Category Archives: DIY


As I sit here writing this, with our son learning how to make popping noises by sucking his tongue, the trees outside are coated in sticky white snow and the chickens can’t remember what they did in this stuff two weeks ago. I cringe thinking of all the gardens that I saw started during our warm spell — apparently some people forgot that we live in New England.  I can only hope that they left themselves enough seed and desire to replant after the first full moon in May, when the danger of all frost is gone. Its sad to see people become disenchanted with gardening due to a simple mistake.

Things are starting to ease into the frenzy that is spring planting season around here. Tomato, broccoli, onions, and green pepper seedlings have all been planted. So far we’ve had great success with the broccoli and tomatoes. The onions and peppers, not so much. If all else fails, I’ll buy onions at the market and pepper seedlings from a local greenhouse again. Here’s hoping I can finally get the lettuce going this weekend.

In all reality, it won’t be that long before we see these little shoots showing up once more.

Home-made Fire Starters and A Quick Update

So before anyone thinks that we just don’t exist any more, I figured I would write up a quick little update.

While I haven’t had much time for crafts in between getting used to being a homesteader while growing a homesteader, I did get a car-seat blanket made for cousins of ours that just had their first child. I also have one slipper for myself 99% done and a scarf over half done. I also found time to experiment with making home-made fire starters.

Most mornings, and other times that the stove dies, we use a few pieces of kindling and a couple handfuls of shavings to light it off. Thus wouldn’t be such an issue if the shavings didn’t tend to go all over throughout the week. In between us dragging them around on our socks, the cat playing with them, and the dog rolling in them, it makes a mess. A while ago Joe ordered some fire-starters for us to try. Turns out they were simply a bunch of shavings packed in with melted wax. I figured that was easy enough to make, and sure enough, I was right. By melting wax in a ceramic container on top of the wood stove and pouring it over shavings packed in egg cartons, I was able to successfully make fire-starters of the same caliber of those that we had tried out. The plus side is that each cardboard egg crate creates six of these useful little buggers.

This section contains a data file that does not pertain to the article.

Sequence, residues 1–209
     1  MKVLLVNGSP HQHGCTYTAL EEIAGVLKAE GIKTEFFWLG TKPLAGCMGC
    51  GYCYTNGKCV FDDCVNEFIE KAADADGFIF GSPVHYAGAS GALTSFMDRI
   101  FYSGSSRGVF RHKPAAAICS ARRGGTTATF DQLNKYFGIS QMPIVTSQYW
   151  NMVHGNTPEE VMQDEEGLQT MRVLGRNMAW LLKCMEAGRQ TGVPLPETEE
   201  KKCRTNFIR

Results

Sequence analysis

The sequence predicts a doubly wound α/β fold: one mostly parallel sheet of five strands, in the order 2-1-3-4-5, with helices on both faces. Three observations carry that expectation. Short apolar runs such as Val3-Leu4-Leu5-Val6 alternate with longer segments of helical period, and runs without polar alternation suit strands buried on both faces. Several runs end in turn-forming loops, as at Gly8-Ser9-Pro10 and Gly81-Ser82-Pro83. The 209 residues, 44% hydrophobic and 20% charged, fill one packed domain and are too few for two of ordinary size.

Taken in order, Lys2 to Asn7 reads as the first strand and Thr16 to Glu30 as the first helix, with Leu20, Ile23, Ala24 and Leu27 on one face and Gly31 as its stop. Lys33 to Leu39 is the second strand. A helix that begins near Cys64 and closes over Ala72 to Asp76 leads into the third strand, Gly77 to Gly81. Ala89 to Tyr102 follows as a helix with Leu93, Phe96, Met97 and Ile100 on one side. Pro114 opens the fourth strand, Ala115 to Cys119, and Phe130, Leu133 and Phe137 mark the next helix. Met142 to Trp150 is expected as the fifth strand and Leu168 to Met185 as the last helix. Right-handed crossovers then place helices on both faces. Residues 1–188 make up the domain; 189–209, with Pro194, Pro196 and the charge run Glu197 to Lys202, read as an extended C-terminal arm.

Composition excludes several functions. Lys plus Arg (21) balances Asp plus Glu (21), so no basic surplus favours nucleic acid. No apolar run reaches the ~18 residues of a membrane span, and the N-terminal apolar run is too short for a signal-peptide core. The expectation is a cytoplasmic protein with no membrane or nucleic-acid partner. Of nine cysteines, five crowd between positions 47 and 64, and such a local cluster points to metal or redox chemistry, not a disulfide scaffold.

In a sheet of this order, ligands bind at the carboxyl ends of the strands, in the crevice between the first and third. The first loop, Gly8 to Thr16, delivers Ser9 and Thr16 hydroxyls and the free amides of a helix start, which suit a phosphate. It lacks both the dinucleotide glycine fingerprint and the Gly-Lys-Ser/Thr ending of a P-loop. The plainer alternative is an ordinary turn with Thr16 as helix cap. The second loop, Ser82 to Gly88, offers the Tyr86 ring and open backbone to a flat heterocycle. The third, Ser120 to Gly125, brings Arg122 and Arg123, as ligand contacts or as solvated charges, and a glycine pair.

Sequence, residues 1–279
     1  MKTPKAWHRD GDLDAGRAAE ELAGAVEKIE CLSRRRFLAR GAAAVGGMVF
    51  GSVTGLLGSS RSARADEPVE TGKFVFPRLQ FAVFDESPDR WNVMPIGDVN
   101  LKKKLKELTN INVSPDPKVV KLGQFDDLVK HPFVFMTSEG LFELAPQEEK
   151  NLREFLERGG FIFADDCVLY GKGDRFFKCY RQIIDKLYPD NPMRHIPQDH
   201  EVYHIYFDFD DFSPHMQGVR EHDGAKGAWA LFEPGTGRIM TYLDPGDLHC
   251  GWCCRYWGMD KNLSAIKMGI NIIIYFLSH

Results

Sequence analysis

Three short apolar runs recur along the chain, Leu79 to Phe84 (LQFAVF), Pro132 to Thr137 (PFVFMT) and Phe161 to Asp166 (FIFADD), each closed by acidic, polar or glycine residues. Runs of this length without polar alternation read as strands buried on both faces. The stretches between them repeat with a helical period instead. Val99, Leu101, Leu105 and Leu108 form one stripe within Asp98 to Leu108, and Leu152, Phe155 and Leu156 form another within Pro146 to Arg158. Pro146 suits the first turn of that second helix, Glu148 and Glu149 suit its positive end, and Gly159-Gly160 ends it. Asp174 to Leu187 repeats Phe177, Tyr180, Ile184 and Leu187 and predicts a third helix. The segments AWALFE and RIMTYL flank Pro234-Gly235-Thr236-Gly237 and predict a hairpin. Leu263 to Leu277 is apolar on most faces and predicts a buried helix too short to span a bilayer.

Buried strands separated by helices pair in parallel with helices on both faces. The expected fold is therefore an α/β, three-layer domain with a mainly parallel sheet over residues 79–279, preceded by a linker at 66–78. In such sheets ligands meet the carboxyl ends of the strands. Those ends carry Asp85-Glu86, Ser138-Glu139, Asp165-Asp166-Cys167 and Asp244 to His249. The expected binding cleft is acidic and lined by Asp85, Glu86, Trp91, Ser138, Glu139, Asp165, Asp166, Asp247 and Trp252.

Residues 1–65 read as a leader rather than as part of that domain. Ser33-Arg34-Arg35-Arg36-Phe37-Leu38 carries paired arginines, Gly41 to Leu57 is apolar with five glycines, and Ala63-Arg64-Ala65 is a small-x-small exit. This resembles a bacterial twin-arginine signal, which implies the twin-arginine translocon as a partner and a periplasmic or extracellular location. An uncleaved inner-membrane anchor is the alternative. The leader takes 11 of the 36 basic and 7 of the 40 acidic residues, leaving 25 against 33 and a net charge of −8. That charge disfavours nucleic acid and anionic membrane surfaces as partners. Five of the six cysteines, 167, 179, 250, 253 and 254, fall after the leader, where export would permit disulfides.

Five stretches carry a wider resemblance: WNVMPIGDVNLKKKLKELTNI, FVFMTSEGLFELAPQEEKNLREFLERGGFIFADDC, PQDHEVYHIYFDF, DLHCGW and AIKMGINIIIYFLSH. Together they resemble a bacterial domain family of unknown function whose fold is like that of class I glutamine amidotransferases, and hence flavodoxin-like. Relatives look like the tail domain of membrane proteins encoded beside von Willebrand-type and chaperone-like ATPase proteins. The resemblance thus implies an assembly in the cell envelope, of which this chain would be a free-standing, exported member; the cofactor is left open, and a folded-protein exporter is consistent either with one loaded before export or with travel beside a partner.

In other news, the Maine fair dates have been updated for the 2012 season and there will be a new gardening page started today, even though last year’s somehow got skipped.

Project Nursery Is Finished!

Part of the reason for the silence on our blog the past two months has a lot to deal with the fact that we’re expecting our first child (due on Nov. 7th). In order to prep the room we chose for the nursery, a lot of fore work had to be done, in large part due to the fact that it looked like there was a broken floor joist that needed to be sistered somehow to a stronger one.